As peach fuzz started to grow on my face, so did the amount of dust on my seldom used Raleigh. It was no longer hip to be seen riding a bike. Nope, Paul and I now hitchhiked to places we wanted to go. Hitching a ride with a stranger was fairly common and you didn’t hear too many stories about assaults or crimes on the passengers. Naturally, we were cautious. If a car was a junk heap and the driver looked seedy we would then run like hell, laughing all the time we were running our guts out. For some unknown reason, perceived danger makes teenagers giddy.
Although I owned a rifle and purchased my hunting permit, I never liked hunting. My preferred method of shooting animals is with a camera and not a gun. However, my friend and I did share a love of hiking, camping and exploring unknown forest areas. We would gather up our canvas tent and supplies for a couple of wilderness adventure packed days and off to the woods we would go. Finding a clearing made for a good camp base, and then we would dig a hole for our latrine and another hole for the campfire. Our one modern convenience would again be the transistor radio. Imaginations ran wild when walking along a pine-needled forest floor, with the aromas of nature’s essence surrounding our senses. We searched for arrowheads and other artifacts as we journeyed on, notching trees with a hatchet, marking our trails and relying on a compass for direction. The canopy of the woods provided shelter during torrential rains and it amazed both of us how it seemed as though not one droplet made it to the ground. Our eyes treated us to shades of green from the moss and oranges and reds from fallen leaves. As we expanded the ground covered in our explorations, we were also growing in many other ways and we quickly began to mature into young men.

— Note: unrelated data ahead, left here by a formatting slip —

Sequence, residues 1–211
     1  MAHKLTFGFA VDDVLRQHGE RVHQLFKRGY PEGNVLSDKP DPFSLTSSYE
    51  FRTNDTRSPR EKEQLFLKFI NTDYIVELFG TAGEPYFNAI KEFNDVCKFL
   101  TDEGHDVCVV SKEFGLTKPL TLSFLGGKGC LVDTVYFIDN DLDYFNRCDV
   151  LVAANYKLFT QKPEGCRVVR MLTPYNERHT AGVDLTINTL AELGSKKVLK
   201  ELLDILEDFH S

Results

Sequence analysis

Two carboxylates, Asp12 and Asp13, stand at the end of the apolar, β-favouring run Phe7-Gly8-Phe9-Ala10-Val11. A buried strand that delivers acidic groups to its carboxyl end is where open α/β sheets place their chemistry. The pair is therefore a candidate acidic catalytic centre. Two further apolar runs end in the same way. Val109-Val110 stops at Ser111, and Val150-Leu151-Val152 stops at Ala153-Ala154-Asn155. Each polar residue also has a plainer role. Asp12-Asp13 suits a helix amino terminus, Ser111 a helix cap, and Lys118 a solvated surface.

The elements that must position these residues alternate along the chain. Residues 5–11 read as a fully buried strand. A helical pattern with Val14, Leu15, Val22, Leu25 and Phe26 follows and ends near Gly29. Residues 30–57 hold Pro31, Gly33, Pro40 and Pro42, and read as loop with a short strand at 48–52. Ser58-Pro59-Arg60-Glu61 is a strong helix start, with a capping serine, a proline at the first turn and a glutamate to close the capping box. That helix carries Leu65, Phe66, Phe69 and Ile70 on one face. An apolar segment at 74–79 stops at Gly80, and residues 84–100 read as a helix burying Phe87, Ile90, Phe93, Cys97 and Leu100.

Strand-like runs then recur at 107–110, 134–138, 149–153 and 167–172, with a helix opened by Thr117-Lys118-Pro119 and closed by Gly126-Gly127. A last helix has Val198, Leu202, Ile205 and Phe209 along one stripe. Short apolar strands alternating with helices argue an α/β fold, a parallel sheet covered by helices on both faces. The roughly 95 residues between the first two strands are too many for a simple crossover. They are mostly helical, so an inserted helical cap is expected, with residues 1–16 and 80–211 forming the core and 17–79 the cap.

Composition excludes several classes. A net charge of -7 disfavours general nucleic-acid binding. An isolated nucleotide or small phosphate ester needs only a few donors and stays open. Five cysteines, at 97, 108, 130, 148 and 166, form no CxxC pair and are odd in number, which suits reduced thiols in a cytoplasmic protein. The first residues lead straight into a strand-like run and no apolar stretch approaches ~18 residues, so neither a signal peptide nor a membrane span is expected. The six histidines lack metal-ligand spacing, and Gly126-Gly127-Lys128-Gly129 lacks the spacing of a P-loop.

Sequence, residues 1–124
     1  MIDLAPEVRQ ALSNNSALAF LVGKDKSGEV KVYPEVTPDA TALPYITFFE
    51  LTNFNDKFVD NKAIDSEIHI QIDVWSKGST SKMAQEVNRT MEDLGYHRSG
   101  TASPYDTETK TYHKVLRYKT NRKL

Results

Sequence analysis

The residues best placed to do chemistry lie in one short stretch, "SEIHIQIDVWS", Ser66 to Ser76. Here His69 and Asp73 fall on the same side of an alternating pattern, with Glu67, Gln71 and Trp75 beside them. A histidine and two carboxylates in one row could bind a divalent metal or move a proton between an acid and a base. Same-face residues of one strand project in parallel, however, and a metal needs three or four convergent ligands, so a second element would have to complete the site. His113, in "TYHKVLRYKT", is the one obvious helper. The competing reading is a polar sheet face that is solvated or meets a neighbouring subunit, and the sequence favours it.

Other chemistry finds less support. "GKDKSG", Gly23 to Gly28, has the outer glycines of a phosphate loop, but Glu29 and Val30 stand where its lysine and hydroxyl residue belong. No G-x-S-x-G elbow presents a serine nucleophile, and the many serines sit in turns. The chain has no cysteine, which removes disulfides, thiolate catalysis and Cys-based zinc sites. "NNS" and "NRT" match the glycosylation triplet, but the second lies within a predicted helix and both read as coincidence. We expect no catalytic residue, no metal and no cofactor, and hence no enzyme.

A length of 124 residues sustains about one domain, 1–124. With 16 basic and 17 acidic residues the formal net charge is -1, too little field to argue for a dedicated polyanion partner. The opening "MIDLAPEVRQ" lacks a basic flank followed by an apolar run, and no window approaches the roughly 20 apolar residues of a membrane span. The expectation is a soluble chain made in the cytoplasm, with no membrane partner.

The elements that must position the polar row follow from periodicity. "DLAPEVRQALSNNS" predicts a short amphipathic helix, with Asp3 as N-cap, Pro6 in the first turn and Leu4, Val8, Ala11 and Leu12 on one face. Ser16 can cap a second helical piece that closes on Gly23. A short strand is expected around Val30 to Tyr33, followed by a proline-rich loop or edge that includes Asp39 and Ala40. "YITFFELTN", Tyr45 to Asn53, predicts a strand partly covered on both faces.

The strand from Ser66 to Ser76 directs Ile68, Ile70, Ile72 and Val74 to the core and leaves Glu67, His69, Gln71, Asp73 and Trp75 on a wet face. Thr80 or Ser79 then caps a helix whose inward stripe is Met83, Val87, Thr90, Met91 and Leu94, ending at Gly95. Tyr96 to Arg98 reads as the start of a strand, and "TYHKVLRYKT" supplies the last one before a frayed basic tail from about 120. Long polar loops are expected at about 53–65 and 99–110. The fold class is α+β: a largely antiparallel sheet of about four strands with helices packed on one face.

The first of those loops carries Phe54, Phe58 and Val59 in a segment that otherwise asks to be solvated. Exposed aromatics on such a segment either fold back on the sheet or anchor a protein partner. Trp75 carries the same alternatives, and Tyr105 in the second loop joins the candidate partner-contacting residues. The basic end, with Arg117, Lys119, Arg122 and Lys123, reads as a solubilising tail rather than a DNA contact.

If we are lucky enough to live long lives, then we are also fortunate enough to reflect back on the days of our youth. In my case, those days of yore were decades ago, but the memories are as vivid as yesterday. Hikes, bikes and hitchhikes were my building blocks and they are in the vault of my mind with all of my other treasured memories.
LOUIS PRIMA CROONS US WITH "THE HAPPY WANDERER" WITH ACCOMPANYING PHOTOS OF A TIME LONG PAST
As a child did you spend more time playing outside or inside?See results without voting